World Library  
Flag as Inappropriate
Email this Article

Tui bei tu

Article Id: WHEBN0014063048
Reproduction Date:

Title: Tui bei tu  
Author: World Heritage Encyclopedia
Language: English
Subject: Li Chunfeng, Chinese classic texts
Publisher: World Heritage Encyclopedia

Tui bei tu

Tui bei tu
A sample frame (Frame 3)
Traditional Chinese 推背圖
Simplified Chinese 推背图
Literal meaning push back chart
push back picture
push back graphics

Tui bei tu (simplified Chinese: 推背图; traditional Chinese: 推背圖; pinyin: Tuī bèi tú) is a Chinese prophecy book from the 7th-century Tang dynasty. The book is known for predicting the future of China, and is written by Li Chunfeng and Yuan Tiangang (袁天罡). It has been compared to the works of famous western prophet Nostradamus.[1] Well known in Hong Kong, Macau and Taiwan, it was long banned in the People's Republic of China under the Communist party for superstition (one of the “Four Olds”), though it has since re-appeared in street-side book stalls in the 1990s as a bestseller.[1]


The book is supposed to contain clues to China's future conveyed through a series of 60 surreal drawings, each accompanied by an equally obscure poem.[1] The title means "Back-Pushing Sketch" and comes from the last illustration.

Each poem is a prophecy, which describes a Chinese historical event that will occur in order. For example, the 36th poem should occur before the 40th poem. Poem number 60 is the last prophecy. Some sources have said that out of the 60 prophecies, 55 of them are supposed to have already been fulfilled.[2] Though just like Nostradamus's work, the interpretations largely depend on the individuals. Some scholars compared the different versions and found the book has been rewritten many times.[3][4]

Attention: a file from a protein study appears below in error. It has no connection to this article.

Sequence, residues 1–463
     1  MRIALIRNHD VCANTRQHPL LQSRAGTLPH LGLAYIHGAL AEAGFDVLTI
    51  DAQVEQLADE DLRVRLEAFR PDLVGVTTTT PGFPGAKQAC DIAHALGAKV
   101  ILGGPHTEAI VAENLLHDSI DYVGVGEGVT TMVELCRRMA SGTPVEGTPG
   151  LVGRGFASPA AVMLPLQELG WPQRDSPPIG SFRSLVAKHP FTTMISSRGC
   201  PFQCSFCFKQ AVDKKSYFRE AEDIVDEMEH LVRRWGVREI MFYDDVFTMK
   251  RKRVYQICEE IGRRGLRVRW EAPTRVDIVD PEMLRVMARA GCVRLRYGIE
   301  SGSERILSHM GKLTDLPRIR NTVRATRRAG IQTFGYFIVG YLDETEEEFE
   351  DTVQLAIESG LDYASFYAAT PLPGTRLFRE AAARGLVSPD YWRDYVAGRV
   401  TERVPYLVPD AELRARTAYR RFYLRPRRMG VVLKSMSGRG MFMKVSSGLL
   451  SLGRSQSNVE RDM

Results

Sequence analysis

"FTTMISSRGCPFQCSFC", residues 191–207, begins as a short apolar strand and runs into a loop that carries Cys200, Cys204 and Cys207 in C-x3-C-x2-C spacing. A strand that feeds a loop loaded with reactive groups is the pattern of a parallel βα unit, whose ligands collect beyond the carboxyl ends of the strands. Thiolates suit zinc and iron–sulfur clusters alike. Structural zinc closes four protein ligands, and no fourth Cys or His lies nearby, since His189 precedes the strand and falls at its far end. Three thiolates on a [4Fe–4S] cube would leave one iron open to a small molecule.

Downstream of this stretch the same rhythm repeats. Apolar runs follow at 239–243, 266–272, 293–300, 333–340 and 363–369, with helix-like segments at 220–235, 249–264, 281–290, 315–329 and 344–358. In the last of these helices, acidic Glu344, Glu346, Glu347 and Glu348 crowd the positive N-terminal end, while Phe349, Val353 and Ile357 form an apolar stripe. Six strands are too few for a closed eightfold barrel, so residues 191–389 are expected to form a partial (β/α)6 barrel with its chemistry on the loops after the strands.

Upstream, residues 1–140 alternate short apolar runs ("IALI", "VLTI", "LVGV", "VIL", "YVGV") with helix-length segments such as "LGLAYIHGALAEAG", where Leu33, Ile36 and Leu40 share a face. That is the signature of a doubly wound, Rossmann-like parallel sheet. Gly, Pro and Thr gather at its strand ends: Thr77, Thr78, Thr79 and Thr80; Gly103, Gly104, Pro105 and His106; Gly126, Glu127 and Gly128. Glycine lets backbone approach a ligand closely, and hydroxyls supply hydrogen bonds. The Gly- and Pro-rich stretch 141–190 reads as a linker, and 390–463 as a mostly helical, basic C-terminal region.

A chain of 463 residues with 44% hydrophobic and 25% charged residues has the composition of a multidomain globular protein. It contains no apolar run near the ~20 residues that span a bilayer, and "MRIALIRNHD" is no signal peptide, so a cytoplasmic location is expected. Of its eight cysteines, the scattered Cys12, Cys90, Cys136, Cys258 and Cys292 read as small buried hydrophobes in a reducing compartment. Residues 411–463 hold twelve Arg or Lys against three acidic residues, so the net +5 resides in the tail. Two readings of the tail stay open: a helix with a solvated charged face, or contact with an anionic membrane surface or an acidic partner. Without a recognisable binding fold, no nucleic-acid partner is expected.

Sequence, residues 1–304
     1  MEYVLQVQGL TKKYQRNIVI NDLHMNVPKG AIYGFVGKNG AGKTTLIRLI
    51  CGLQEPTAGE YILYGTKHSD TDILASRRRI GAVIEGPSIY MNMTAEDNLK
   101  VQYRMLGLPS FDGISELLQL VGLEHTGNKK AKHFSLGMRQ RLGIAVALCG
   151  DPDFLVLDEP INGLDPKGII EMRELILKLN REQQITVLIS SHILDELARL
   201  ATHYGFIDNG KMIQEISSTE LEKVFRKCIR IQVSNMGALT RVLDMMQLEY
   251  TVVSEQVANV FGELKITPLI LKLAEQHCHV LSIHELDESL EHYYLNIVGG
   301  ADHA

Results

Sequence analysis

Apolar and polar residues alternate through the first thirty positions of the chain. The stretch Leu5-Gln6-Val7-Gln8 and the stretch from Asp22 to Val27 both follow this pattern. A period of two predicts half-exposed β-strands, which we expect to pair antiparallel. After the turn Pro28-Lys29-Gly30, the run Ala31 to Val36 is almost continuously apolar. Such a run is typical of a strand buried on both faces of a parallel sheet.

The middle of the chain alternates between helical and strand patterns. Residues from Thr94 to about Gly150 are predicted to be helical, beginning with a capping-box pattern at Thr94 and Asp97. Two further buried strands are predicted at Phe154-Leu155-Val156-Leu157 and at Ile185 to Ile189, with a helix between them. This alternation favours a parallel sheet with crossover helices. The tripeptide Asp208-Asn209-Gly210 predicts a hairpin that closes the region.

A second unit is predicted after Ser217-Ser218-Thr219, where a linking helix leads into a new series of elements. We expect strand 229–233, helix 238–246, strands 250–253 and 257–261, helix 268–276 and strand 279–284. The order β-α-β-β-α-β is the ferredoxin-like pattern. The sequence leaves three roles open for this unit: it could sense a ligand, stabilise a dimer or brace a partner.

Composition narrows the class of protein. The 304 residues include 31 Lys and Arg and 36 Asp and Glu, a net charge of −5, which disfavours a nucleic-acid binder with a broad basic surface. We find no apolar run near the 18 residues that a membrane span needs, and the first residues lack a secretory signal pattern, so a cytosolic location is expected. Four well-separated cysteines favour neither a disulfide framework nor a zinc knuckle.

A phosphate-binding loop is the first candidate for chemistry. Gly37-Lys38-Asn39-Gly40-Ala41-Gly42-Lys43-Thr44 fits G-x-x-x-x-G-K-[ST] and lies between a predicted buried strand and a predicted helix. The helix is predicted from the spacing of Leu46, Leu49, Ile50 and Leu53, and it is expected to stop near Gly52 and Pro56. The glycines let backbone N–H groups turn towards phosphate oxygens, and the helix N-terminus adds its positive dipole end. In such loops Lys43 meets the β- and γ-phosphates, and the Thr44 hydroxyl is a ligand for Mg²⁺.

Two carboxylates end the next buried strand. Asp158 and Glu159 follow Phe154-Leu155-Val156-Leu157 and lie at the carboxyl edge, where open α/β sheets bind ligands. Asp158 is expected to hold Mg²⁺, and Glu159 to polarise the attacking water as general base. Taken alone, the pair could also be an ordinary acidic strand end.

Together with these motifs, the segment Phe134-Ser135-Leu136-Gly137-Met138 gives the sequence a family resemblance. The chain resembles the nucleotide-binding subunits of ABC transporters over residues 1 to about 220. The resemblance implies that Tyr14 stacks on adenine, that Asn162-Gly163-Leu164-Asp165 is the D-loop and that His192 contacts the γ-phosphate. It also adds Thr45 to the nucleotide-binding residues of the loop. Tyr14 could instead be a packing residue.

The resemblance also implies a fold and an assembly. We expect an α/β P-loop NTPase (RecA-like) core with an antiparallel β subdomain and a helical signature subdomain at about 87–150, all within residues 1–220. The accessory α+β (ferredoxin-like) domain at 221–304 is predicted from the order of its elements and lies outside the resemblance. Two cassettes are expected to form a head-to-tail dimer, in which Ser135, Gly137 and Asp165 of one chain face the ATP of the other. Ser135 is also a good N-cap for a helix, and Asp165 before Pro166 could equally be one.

《中國預言七種》“the Seven Chinese Prophecies" 清溪散人編, 1915(民國四年) 上海 中華書局,文明書局 發行 Chunghua Books, Shanghai, 1915


During the end-of-dynasty turmoil, rebels used it to prophesize victory for their cause and thereby drum up public support.[1] As the introduction to one mainland China version of the book explained, Tui Bei Tu is a way of shaping public opinion used by feudal rulers to seize power or consolidate power. It is also similarly used by oppressed people to overthrow their rulers.[1]

In popular culture


  1. ^ a b c d e Miles, James A. R. [1996] (1996). Legacy of Tiananmen: China in Disarray. University of Michigan. ISBN 0-472-08451-8
  2. ^ Alexchiu philosophy super I-Ching
  3. ^ 推背图的起源和变迁
  4. ^ 六种版本《推背图》

External links

  • Taiwan Sina book scan images with poem - words are in classic vertical alignment
  • Chinese prophecy research group (Traditional Chinese)
  • Alexchiu philosophy super I-Ching (English)
  • Hinet (Traditional Chinese)
  • (Simplified Chinese)
  • Jilm (Simplified Chinese)
  • Mmkey (Simplified Chinese)

See also

This article was sourced from Creative Commons Attribution-ShareAlike License; additional terms may apply. World Heritage Encyclopedia content is assembled from numerous content providers, Open Access Publishing, and in compliance with The Fair Access to Science and Technology Research Act (FASTR), Wikimedia Foundation, Inc., Public Library of Science, The Encyclopedia of Life, Open Book Publishers (OBP), PubMed, U.S. National Library of Medicine, National Center for Biotechnology Information, U.S. National Library of Medicine, National Institutes of Health (NIH), U.S. Department of Health & Human Services, and, which sources content from all federal, state, local, tribal, and territorial government publication portals (.gov, .mil, .edu). Funding for and content contributors is made possible from the U.S. Congress, E-Government Act of 2002.
Crowd sourced content that is contributed to World Heritage Encyclopedia is peer reviewed and edited by our editorial staff to ensure quality scholarly research articles.
By using this site, you agree to the Terms of Use and Privacy Policy. World Heritage Encyclopedia™ is a registered trademark of the World Public Library Association, a non-profit organization.

Copyright © World Library Foundation. All rights reserved. eBooks from World eBook Library are sponsored by the World Library Foundation,
a 501c(4) Member's Support Non-Profit Organization, and is NOT affiliated with any governmental agency or department.